24/05/2021 - 06/06/2021
El Salvador becomes the first country to adopt the Bitcoin Standard...
El Salvador's president, Nayib Bukele, has announced plans to make Bitcoin legal tender in the country. If his plans are enacted by congress, El Salvador would become the first country in the world to formally adopt the digital currency as part of its economy.
El Salvador's economy relies heavily on remittances, accounting for roughly 20% of its GDP. However, these remittances can be slow, expensive and inconvenient, with incumbents charging fees of more than 10%. Indeed, the ability for digital currencies such as Bitcoin to vastly reduce the costs of remittances has already been widely acknowledged, but this is the first time a country has explicitly adopted a cryptocurrency for that purpose.
Since crypto-payments firm Strike launched its mobile payments app in March, it quickly became the country's number one downloaded app, aiming to make the Bitcoin Network more accesible to El Salvadoreans. Strike's CEO, Jack Mallers, described the latest policy transformation as the "shot heard around the world". Certainly, international policy makers will be taking note of this latest development. Although, given El Salvador's modest population of 6 million, the news doesn't quite constitute a financial earthquake. An early-warning tremor though? Perhaps.
In a tweet thread, president Bukele justified his decision as an effort to boost financial inclusion:
Importantly, Bitcoin is seen as simply the first step in a new financial revolution intended to bring investment, credit and more to its underbanked population. As more and more of the world moves towards digital currency adoption, we are working hard to build the tools which make financial services accesible to everyone. The Creditcoin Network can help us build the foundations of trust for tomorrow's inclusive economy, helping us create a new decentralized market for credit. A market in which anyone, anywhere can borrow and lend funds with the trust they need.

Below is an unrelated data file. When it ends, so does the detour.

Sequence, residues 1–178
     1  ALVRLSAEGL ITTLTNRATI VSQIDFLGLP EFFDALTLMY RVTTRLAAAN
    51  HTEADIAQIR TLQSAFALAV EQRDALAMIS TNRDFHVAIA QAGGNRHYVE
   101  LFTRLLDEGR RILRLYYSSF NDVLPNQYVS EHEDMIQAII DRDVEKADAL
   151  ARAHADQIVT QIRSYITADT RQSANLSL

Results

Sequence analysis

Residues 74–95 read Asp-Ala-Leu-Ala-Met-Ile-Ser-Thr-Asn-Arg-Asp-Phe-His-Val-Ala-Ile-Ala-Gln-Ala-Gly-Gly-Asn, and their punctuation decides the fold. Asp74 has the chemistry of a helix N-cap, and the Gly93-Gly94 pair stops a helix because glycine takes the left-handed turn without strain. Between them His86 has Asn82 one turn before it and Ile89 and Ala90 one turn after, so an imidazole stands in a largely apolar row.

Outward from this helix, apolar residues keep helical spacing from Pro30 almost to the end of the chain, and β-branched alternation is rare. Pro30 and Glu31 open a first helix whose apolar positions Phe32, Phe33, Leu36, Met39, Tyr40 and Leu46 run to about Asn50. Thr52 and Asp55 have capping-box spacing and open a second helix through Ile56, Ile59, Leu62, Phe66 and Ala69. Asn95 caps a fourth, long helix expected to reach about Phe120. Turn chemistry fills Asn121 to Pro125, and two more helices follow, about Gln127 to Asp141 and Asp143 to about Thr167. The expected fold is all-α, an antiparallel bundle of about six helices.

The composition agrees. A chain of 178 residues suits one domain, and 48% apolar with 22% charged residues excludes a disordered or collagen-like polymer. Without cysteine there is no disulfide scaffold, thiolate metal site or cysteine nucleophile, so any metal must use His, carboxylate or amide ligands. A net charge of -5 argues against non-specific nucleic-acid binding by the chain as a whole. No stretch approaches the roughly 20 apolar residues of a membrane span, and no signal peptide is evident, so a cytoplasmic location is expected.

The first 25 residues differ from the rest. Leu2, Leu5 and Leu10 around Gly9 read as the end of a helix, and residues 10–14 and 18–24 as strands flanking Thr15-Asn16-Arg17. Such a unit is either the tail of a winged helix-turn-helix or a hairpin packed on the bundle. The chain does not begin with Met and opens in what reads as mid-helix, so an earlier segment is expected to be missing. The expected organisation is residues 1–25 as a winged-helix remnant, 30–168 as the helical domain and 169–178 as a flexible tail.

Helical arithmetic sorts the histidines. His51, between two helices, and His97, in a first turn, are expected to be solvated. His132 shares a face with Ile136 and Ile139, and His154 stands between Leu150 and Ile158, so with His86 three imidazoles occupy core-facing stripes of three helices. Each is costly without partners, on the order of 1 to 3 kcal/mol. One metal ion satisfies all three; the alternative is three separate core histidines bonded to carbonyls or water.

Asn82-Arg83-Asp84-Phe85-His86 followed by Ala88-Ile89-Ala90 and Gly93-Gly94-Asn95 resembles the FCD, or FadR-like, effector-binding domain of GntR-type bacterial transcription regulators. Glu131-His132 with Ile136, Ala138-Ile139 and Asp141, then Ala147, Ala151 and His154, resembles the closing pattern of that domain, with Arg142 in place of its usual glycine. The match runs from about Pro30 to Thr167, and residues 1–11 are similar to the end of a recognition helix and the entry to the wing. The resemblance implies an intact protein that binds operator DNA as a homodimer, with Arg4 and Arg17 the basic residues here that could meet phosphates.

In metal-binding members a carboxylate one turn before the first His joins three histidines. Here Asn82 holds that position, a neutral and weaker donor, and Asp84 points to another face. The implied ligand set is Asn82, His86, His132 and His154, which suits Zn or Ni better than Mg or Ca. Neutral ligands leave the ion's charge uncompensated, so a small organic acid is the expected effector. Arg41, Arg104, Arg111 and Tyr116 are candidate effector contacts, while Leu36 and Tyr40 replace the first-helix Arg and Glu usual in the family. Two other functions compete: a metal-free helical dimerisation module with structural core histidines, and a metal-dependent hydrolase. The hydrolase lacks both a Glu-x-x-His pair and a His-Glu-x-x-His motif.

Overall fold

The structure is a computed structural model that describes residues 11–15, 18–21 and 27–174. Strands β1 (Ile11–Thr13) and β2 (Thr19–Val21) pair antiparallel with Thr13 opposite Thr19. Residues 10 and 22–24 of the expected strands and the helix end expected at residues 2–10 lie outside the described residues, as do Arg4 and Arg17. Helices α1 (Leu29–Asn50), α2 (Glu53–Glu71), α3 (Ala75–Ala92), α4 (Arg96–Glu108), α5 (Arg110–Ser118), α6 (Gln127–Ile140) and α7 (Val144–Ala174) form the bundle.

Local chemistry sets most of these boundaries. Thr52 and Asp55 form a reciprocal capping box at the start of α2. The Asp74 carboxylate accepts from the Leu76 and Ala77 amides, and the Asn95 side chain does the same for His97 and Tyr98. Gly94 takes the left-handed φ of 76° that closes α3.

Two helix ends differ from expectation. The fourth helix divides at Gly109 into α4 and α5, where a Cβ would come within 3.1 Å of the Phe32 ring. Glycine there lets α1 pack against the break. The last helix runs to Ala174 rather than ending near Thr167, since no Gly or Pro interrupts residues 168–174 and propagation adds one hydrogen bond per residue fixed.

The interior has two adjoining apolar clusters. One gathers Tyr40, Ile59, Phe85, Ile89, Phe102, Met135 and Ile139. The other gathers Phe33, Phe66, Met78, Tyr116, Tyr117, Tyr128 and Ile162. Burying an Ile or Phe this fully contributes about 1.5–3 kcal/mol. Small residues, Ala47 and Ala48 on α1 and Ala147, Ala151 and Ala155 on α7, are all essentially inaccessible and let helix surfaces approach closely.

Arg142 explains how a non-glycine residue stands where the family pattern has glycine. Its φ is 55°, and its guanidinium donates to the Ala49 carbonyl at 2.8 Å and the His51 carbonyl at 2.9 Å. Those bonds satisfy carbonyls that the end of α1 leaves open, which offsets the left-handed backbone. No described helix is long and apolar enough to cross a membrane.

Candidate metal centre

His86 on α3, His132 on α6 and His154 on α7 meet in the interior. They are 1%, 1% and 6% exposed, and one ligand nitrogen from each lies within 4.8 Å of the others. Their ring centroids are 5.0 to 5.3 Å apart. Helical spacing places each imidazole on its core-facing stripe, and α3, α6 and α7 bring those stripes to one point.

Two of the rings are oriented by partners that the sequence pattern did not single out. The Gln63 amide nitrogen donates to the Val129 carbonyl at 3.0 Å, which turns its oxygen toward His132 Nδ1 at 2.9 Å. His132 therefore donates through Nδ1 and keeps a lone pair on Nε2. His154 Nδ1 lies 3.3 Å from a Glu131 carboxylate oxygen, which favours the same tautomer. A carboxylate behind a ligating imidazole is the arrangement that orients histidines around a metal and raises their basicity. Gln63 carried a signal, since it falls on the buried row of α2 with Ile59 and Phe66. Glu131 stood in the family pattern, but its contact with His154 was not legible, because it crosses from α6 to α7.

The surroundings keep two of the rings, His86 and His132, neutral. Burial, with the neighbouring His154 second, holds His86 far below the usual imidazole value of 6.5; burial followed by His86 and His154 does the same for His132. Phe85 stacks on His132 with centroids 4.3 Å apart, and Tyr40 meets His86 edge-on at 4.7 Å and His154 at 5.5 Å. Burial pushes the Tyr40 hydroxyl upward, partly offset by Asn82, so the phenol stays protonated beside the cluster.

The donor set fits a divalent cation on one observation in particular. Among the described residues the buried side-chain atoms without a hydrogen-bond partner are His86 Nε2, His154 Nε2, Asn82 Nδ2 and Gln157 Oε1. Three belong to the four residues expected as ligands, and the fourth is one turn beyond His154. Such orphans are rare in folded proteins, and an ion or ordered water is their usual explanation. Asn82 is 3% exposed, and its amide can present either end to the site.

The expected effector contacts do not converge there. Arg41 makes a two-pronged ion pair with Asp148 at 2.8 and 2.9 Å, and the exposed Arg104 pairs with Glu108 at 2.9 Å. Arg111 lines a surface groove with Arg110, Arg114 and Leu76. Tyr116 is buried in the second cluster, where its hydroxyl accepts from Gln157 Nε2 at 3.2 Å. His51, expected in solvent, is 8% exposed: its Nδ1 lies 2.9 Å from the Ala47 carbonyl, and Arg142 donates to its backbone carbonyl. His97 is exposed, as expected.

Policy & Regulation
- Iran has issued a ban on most cryptocurrency mining in an effort to curb energy usage and avoid summer power blackouts, reported Decrypt. Iran, which accounts for almost 4.5% of Bitcoin’s total hash rate, has blamed unlicensed cryptocurrency mining for its surging electricity demand.
- US institutions are in a “sprint” to set and harmonise crypto regulations, reported Reuters. Randal Quarles of the Federal Reserve described the development of a proper institutional framework for supervision as a “high priority” with results "expected soon".
- OnePlus, the Chinese Smartphone manufacturer could be the latest brand to launch a 'Cryptophone', reported Decrypt. The phone would follow in the footsteps of HTC and Samsung who have already offered ‘cryptophones' before, with the HTC Exodus even being capable of running its own Bitcoin full node.
- The former head of China’s CBDC initiative, Yao Qian, has said that future CBDCs could operate on Ethereum, reported CoinDesk. Nevertheless, Yao urged a cautious approach, given the very real risks of potential smart contract vulnerabilities.
- The European Investment Bank has warned that an annual investment gap of “up to €10 billion” in AI and blockchain technologies is holding the EU economy back. China and the US together account for 80% of investment into blockchain and AI.
- China has launched its own copyright protection blockchain, reported CoinDesk. The blockchain, dubbed the “China Copyright Chain”, will be used to document proof of digital assets, monitor infringements, issue copyright notices, and help courts settle copyright related lawsuits.
- 26% of financial advisors are planning to use or recommend cryptocurrencies to their clients over the next 12 months, CNBC reported. This is up from a mere 1% in 2020. Though most advisors still urge caution, recommending a total portfolio crypto exposure of around 1-2%.
- NFT sales are down 90% from their peak, reported Cointelegraph. The number of NFT wallets showing activity has also dropped by 70% since early May. However, some sub-categories are still showing strength, for example, sport token sales have dropped by a much more modest 55%.